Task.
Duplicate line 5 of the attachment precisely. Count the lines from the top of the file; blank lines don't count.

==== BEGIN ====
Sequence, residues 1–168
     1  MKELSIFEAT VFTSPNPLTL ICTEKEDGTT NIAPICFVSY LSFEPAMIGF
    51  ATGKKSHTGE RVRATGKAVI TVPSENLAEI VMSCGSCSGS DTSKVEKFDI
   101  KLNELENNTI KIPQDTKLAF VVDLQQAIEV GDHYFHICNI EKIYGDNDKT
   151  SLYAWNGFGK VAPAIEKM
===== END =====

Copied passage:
   151  SLYAWNGFGK VAPAIEKM